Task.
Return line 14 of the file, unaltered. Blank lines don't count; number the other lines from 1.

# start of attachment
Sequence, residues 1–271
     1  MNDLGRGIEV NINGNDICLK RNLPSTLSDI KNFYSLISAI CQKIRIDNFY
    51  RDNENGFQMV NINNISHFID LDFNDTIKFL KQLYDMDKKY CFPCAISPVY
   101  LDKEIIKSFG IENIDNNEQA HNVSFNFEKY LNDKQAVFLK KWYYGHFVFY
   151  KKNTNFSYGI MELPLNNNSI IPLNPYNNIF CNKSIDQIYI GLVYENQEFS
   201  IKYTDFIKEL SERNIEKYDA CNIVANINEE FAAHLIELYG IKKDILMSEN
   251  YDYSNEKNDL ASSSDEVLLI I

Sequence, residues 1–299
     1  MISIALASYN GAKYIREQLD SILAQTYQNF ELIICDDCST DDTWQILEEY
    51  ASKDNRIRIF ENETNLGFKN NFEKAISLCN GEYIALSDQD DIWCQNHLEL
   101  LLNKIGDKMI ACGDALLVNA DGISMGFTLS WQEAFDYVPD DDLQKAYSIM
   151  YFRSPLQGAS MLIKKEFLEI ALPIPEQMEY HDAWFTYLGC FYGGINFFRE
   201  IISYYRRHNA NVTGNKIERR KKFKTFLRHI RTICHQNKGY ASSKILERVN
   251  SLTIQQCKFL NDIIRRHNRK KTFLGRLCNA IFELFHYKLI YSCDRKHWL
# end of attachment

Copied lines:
   251  SLTIQQCKFL NDIIRRHNRK KTFLGRLCNA IFELFHYKLI YSCDRKHWL